database and a user can click and generate the EAD-compliant
XML document.
Figure 1: The converter application which transforms the finding aids from
the Microsoft Access database into EAD-compliant XML.
These documents are then uploaded and indexed by the web
application. The web application also generates the subject
guides and finding aids using XSL style sheets. Figure 2. The home page of ArchivesUM, with a pull-down menu listing the
subject guides which are generated through a combination of static HTML
and dynamically-generated content from the database.
Via the administrative interface, the repository editor can
upload, delete, and convert finding aids to HTML. This
pre-processing of the XML document was built into the system
so that the finding aids did not have to be converted to HTML
at the time of the request. Figure 3 shows a result page ranked
in order of relevance. It was decided that in the first instance,
all collections would be represented in the database through an
abstract. As finding aids are converted, they will be made
available through the archive management system. As Figure
3 shows, the interface makes it clear when the finding aid is
Figure 3: A ranked result page indicting which items have finding aids
Generating subject guides proved a greater challenge. Although
it would have been easy to generate the subject guides on the
fly, it was felt that these needed to be converted into static
HTML pages and mounted on the Internet. Subject guides
indexed by Google and other search engines has proved to be
the most popular way for potential users to find the University
of Maryland 's archival resources. Thus, a feature was built into
the administrative interface to create the subject guides through
a combination of static text and abstracts generated from the
EAD document, where <abstract> tags with different "type"
attributes are located.
Various nodes of the <eadheader> and <archdesc> are
indexed with Lucene and a query interface is provided to search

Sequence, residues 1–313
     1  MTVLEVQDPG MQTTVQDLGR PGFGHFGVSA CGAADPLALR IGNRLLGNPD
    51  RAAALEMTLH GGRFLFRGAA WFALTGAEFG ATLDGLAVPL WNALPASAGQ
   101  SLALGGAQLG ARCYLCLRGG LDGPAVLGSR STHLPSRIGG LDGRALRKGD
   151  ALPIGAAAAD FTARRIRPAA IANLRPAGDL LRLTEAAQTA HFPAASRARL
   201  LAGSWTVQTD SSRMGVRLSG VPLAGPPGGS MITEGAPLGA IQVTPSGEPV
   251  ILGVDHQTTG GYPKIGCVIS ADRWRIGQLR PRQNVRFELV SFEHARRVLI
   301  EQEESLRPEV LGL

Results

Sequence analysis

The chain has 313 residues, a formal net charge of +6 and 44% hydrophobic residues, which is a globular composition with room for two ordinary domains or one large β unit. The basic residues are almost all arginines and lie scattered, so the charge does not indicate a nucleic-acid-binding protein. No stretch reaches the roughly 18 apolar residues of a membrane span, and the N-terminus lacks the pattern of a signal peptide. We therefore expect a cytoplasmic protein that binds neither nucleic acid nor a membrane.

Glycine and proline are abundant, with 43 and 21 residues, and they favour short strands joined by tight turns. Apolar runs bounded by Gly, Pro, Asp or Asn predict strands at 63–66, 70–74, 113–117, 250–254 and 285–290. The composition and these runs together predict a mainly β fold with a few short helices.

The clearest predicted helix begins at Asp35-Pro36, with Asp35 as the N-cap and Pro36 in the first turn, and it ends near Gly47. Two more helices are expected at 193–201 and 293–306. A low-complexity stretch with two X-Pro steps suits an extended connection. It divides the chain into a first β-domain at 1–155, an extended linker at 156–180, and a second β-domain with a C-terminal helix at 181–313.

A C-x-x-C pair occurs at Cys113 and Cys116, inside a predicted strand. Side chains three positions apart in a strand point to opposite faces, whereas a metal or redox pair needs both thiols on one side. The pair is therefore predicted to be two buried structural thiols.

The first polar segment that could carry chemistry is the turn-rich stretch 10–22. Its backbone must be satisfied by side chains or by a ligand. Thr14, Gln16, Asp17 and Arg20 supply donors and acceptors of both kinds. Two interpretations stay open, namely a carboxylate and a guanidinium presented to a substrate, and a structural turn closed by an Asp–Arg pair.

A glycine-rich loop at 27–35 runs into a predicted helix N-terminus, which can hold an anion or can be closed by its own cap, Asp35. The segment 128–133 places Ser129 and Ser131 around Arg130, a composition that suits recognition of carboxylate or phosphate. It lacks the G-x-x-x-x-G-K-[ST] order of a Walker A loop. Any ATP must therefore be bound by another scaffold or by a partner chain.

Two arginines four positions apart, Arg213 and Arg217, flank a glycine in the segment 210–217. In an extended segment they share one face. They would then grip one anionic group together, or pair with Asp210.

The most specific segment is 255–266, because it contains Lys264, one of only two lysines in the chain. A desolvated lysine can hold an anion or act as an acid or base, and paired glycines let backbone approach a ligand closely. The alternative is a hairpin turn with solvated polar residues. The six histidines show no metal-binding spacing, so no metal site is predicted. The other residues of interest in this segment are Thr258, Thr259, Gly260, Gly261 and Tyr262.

and browse the finding aid.3 The use of Lucene as a search
index enables compound searches for phrases in the box
inventory, collection title, author, scope, and subject fields of
the EAD document.
Figure 4: A search page enabling users to perform complex searches based
on information in different parts of the EAD finding aid.
The Archives and Manuscripts Department staff and MITH
worked together in the development of several XSLT style
sheets for various parts of the website. In many ways, this
proved to be the most difficult task. The hierarchical nature of
the display of a finding aid made design of the final, and most
important, style sheet extremely complicated. Other repositories
provided examples to build from, but since the EAD of the
<dsc> section of a document varies widely from institution
to institution, advanced customization was necessary.
The administrative interface provides an interface to upload an
XSL style sheet, so that the website administrator can change
the design of the finding aids and subject guides. Much of the
software code for this project has been borrowed from
teiPublisher. Moreover, although staff developed the system
for use with finding aids in three of the units within the
University of Maryland's Archives and Manuscripts
Department, staff constructed it with the possibility that other
archival units on campus could use it, as well as staff in
repositories across the University of Maryland system. While
each repository will have its own Microsoft Access database
so it may generate reports unique to its holdings, there will be
one EAD repository, which will give users unprecedented
access to search across archival units and institutions in a way
not possible currently. This paper will thus address the theoretical, practical, and
programming decisions that contributed to the design of this
archival management system.
1. Virginia Heritage Guides to Manuscript and Archival Collections
in Virginia; Online Archive of California.
2. JDBC <> .
3. Lucene <
s/index.html> .
Dooley, Jackie M., ed. Encoded Archival Description: Context,
Theory, and Case Studies. Chicago: Society of American
Archivists, 1998.
EAD Help Pages - Software Products. EAD Roundtable of the
Society of American Archivists, 2003. Accessed 2003-08-13.
Encoded Archival Description (EAD): Official EAD Version
2002 Website. Library of Congress, 2002. Accessed 2005-03-21.
Feeney, Kathleen. "Retrieval of Archival Finding Aids Using
World-Wide-Web Search Engines." American Archivist 62.2
(Fall 1999): 206-228.
Heritage Document Management System. Australian Science
and Technology Heritage Center, 2003. Accessed 2003-04-15.
Miller, Fredric, ed. Arranging and Describing Archives and
Manuscripts. Chicago: Society of American Archivists, 1990.
Online Archive of California. University of California, 2004.
Accessed 2005-03-21. <
Pearce-Moses, Richard. "Encoded Archival Description." A
Glossary of Archival and Records Terminology. Website:
Society of American Archivists, 2004. <http://www.arc>
teiPublisher. Accessed 2005-05-19. <http://teipubli>
Virginia Heritage Guides to Manuscript and Archival
Collections in Virginia. University of Virginia, 2004. Accessed
2004-11-04. <

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Conference Info

In review


Hosted at University of Victoria

Victoria, British Columbia, Canada

June 15, 2005 - June 18, 2005

139 works by 236 authors indexed

Affiliations need to be double checked.

Conference website:

Series: ACH/ICCH (25), ALLC/EADH (32), ACH/ALLC (17)

Organizers: ACH, ALLC

  • Keywords: None
  • Language: English
  • Topics: None